gentleman dined at a house in Hagerstown
where Gen. Lee and stall'had made their head
quarters. Tlie lady of the house says she
heard Lee instruct bis otlicers to see that no
depredations were committed by the soldiers
while in Maryland, but when they entered
Pennsylvania they might pillage ainl destroy
everything on their route.
Quartermaster General Hale visited the dif
ferent hospitals at Hagerstown to-day and re
ports the sick and wounded properly eared for.
They have bandages and all necessary appen
dages for their comfort, but jellies and other
delicacies are much needed.
Arrival of Gen. Buell's Army at Cincinnati.
Loosvim.e, Sept. 24.
IIP. M.—The intense excitement of the
la«t few days have given place to great rejoic
ings at tlie immediate proximity of seven di
visions of Gen. Buell's army which are coining
up from tlie direction of Salt liiver. The en
emy teem to be concentrating at Bloomfield.
About twelve thousand of them were seen
this morning beyond East Liver on thuBards
town river.
Louisville is now considered entirely safe,
though a tight may occur in our vicinity
before Gen. Buell's division arrives.
Nobody lias any fears respecting tlie result.
Gen. Nelson is confident he can hold this ]»osi
tion against any odds until the approaching
federal reinforcements shall arrive Col. W. U.
Rolle of Crittenden’s stall'. Capt. Hoblitzcll of
Alex. McCook’s staff, and Lieut, liockwell of
Buell’s stalT, have just arrived.
No portion of the rebel army is known to be
this side of Bardstowu.
Midniyht—Gen. Buell has just arrived.
Gen. Nelson has just issued an order permit
ting a general resiiiiiDtion of business usuinr
row,the issuing of passes to loyal citizens ami
the discharge of all enrolled citizens from mil
itary duty.
On the 17th our cavalry captured 450 rebels
at Glasgow.
On the 21st three regiments of cavalry, un
der McCook, drove Hunt) reltel cavalry out of
Mumfordsville without any federal loss. The
rebels lost a Colonel and a Lieut. Col. Our
forces had slight skirmishes all along the road
thitherward, capturing numerous small squads
of rebels.
Col. Edward McCook of the 2d lndiania
cavalry, commanding a brigade of 2d Indiana,
1st and 3d Kentucky was at Elizabethtown
this morning on their way up. At several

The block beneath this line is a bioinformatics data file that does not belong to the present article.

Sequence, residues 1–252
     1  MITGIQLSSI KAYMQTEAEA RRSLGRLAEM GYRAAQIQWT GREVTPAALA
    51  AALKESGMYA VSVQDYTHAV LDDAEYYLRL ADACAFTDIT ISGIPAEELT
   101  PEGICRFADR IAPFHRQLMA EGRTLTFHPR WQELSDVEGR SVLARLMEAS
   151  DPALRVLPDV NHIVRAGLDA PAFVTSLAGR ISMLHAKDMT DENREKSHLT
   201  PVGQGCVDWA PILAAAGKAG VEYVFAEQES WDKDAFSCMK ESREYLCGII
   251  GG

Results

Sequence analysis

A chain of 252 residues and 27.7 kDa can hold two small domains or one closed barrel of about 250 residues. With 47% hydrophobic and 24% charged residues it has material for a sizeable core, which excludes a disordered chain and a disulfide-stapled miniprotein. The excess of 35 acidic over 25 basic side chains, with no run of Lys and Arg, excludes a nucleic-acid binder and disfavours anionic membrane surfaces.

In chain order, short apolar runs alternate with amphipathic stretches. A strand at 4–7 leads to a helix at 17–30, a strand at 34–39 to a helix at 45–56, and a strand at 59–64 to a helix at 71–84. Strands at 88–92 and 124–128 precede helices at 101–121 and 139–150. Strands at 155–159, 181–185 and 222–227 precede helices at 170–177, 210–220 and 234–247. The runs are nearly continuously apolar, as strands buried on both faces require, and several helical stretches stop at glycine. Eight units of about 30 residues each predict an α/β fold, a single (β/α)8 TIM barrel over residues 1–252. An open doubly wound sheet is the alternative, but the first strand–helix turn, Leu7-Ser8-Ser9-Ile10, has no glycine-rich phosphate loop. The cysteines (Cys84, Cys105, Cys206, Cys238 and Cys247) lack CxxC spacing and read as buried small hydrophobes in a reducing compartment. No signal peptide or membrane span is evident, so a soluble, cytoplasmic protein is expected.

points he killed forty-seven rebels in the aggre
gate, and in conjunction with Kennett’s com
mand, took 151X1 rebel prisoners ami twenty
four wagon loads of provisions.
Guertlla Bands Broken Up.
llrtwoN, Mo., Sept. 23.
Early last week Capt..Johnson with seventy
live of the enrolled mititia from Holla County,
attacked seventy guerrillas under McDonald,
at Fricbussick, scattering them in all directions.
The rebels left on the Held one dead and three
wounded. On the 18th Capt. Johnson, with
125 men, surprised a camp of 150 rebels under
Maj. Snyder, anil after a short engagement the
enemy fled. Snyder w as killed and fllleen of
his men wounded. All their camp equippage,
guns, blankets anil other property were taken.
On the same day Lieut. Dillon, with a part
of his company, came up with a reliel band,
routing them and look seven prisoners and
eleven horses, guns, Ac.
Maj. Hunt reports scattering Cunningham's
guerilla baud near .Sturgeon, yesterday, after a
slight skirmish, in w hich only one man was
wounded on our side and none killed.
Serenade to the President.
Remarks of Messrs. Lincoln, Chase and
Washington, Sept, 24.
A large crowd assembled at the Executive
mansion to-night on the occasion of a serenade
to President Lincoln. Having beeu cheered
and called for, lie nppeared at an upper win
dow. and spoke as follows:
Fellow-citizens—1 appear before you to do
little more than acknowledge the courtesy you
pay me, and to thank you for it. 1 have not
been distinctly informed why it is on this oc
casion you appear to do me this honor, though
1 suppose—interruptions—("Its because of
the proclamation"—cries of "good,” and ap
plause). I was about to say 1 suppose I un
derstand it. (Laughter—Voice, “That you
do; you thoroughly understand it.”) What I
did 1 did after very full deliberation and under
a very heavy and solemn sense of responsibili
ty. (Cries of "Good, God bless you,” and ap
plause.) 1 can only trust in God. 1 have
made no mistake. (Cries “No mistake; all
right; you’re made no mistake yet; go ahead,
your right.”) 1 shall make no attempt on
this occasion to sustain what I have done or
said by any comment. (Voices, “That’s un
necessary;” “We understand it.”) It is now
for tlie country and world to pass judgment on
it, and may lie to take action upon it. I will
say no more upon this subject. In my posi
tion I am environed with difficulties. A
voice, “That’s so.”) Yet they are scarcely so
great as the dillicultics of those who upon the
battle-field are endeavoring to purchase with
their blood and their lives the future happiness
and prosperity of this country. (Applause,
long continued.)
_Let us never forget that on the 14th and
17th days of this present month there have
been battles bravely, skillfully and successtully
fought. (Applause.) We do not yet know
the particulars. Let us be sure that in giving
praise to particular individuals, we do no in
justice to others. I only ask you at the con
clusion of these few remarks to remember to
give three hearty cheers to all good and brave
otlieers; men who fought those successful
Cheer after cheer was given when the Pres
ident bade them good-niggt and withdrew.
The procession then removed to the resi
'•' **v« «»» \ uiisc. .aiu i in uig cuvcrcu
he appeared upon tlie stops. Several voices
called tor gaslight, to which request lie said he